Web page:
Darlene Conti said her husband looked out their window Thursday morning and saw a moose strolling through their Leominster backyard.
The couple quickly rushed out onto their back deck to get a better look at the visitor.
“He was coming right toward us, but we were on the deck so I wasn’t worried,” said Conti, who lives on Union Street. “It was the most majestic thing I have ever seen. He sauntered along; he was in no hurry.”
Conti said her husband, Anthony, was getting ready for work around 7:15 a.m. when he spotted the moose.
She said the moose didn’t seem to be afraid of them and remained in their backyard for at least 10 minutes.
“He just turned around at one point and stared at us,” Conti said. “I was taking pictures, so I’m sure he heard the clicking of the camera, and then he just walked over to the edge of the property, around the shed, and into the woods.”
Conti said in the 22 years they’ve lived in Leominster, she and her husband had never seen a moose in the area.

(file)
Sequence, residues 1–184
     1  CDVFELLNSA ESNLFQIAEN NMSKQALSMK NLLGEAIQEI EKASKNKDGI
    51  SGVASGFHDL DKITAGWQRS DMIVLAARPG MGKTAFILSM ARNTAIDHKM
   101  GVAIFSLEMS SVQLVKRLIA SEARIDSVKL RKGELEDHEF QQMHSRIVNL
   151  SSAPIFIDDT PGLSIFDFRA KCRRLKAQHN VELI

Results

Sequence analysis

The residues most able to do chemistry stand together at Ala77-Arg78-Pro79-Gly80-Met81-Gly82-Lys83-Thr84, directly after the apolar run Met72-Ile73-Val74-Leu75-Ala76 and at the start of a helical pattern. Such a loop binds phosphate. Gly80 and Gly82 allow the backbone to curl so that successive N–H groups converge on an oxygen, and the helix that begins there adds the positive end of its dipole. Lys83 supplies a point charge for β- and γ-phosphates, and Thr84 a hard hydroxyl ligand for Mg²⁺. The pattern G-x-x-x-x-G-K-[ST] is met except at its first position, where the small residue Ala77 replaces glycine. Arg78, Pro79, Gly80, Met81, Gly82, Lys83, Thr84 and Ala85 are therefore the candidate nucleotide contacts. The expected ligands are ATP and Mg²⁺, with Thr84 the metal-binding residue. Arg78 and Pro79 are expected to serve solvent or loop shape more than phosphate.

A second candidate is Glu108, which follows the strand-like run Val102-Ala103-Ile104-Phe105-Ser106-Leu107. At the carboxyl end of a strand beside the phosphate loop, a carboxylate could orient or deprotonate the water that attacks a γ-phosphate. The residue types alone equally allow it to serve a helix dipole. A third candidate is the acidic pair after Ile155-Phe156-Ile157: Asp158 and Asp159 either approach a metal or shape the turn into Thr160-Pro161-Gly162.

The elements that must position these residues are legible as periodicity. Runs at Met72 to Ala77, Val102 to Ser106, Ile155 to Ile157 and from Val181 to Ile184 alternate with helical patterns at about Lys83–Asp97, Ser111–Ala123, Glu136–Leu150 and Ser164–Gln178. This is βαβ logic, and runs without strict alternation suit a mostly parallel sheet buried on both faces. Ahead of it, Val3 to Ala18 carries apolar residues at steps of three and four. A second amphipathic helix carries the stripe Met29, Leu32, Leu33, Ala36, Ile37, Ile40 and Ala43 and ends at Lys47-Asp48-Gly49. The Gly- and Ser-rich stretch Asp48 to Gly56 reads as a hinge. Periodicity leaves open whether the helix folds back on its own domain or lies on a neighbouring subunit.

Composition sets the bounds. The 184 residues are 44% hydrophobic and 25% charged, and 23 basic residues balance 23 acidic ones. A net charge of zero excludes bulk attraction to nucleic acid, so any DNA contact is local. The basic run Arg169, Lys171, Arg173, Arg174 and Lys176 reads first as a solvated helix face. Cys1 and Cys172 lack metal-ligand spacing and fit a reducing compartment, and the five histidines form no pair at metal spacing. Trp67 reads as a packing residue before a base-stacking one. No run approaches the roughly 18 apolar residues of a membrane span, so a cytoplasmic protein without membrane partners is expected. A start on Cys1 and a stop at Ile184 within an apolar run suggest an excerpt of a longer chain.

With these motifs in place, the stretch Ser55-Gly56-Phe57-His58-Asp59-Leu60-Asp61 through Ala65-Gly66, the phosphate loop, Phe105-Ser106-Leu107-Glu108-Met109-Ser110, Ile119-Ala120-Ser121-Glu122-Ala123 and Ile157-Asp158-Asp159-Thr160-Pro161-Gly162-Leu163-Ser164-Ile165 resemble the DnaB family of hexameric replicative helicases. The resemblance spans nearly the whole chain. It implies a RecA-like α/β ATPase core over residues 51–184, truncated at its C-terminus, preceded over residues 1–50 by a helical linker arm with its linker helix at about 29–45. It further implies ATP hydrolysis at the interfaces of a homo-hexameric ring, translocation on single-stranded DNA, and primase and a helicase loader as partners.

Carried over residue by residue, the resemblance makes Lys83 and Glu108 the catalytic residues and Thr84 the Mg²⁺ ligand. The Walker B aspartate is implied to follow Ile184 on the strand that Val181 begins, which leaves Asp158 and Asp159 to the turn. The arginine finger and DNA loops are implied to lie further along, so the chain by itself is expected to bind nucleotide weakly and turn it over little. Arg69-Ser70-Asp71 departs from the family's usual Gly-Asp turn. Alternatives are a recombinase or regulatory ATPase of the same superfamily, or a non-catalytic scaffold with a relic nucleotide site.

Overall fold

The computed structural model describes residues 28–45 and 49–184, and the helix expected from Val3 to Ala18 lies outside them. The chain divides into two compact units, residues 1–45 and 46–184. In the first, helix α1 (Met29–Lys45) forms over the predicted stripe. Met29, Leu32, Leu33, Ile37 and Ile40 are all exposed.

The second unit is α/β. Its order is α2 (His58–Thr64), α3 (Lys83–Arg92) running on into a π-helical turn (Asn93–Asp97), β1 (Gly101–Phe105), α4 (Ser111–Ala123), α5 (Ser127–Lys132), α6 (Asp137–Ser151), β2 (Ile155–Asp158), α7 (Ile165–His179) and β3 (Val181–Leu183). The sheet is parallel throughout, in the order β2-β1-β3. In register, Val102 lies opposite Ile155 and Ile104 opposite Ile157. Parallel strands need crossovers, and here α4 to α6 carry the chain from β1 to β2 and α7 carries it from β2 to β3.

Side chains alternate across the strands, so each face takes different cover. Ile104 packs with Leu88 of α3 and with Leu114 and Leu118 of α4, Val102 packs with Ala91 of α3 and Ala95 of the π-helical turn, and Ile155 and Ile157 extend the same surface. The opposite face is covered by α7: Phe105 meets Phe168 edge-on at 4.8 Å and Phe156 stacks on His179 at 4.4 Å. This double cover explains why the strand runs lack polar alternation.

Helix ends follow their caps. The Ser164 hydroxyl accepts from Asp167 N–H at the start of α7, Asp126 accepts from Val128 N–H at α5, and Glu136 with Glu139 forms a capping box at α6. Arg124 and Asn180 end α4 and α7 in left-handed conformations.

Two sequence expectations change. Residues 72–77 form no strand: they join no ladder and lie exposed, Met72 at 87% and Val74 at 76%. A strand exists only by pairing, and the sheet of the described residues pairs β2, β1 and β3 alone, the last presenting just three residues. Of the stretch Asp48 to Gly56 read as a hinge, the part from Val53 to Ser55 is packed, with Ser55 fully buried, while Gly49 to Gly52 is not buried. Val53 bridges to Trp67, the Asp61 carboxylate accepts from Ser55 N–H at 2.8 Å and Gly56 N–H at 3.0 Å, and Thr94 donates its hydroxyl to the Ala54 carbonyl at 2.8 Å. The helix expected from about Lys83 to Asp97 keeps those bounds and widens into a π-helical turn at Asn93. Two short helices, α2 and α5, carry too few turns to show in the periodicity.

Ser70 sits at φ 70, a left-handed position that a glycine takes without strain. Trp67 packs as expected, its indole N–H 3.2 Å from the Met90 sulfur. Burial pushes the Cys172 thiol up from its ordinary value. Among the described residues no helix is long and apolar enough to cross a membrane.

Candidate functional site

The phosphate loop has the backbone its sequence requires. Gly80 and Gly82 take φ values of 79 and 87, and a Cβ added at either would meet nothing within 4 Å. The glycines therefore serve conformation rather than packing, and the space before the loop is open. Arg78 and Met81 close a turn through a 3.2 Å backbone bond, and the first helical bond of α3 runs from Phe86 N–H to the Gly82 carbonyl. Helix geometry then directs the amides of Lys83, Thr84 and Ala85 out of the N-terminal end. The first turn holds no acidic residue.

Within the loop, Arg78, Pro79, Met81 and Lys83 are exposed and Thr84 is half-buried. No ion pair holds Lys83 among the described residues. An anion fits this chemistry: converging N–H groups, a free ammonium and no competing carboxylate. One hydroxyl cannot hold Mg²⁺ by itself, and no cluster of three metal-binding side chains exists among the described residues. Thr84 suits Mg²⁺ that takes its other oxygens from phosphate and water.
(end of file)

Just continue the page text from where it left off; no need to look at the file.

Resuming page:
“He isn’t back yet, so I don’t think he wanted to be friends. I’m very sad,” Conti joked. “It was quite spectacular to see. We’ve seen a coyote and a fox, but this was unbelievable.”
David Stainbrook, the deer and moose biologist for the state Division of Fisheries and Wildlife, said it is not unusual for moose to be roaming in that area on urban outskirts.
“Leominster is in an area where we do see some moose, but it’s not common for them to wander into the city,” he said.
Stainbrook said the moose was probably venturing further afield because it is breeding season.
“They move more frequently and they move in the day more frequently. They’re chasing females and moving across roads and whatnot,” Stainbrook said. “While they’re moving, they tend to extend their home range during breeding season.”
Because moose are more mobileduring breeding season, officials encourage drivers to be on the lookout while driving at night.
“[Moose will] be wandering and then they’ll get to a barrier, whether it be a road or a river, and then they follow along, and then at some point they’ll try to get out of there,” Stainbrook said.
Stainbrook said the moose probably returned to the woods.
“Let them move on their own,” Stainbrook said. “They will eventually go back into the woods if you just let them be.”Olivia Quintana can be reached at firstname.lastname@example.org. Follow her on Twitter @oliviasquintana.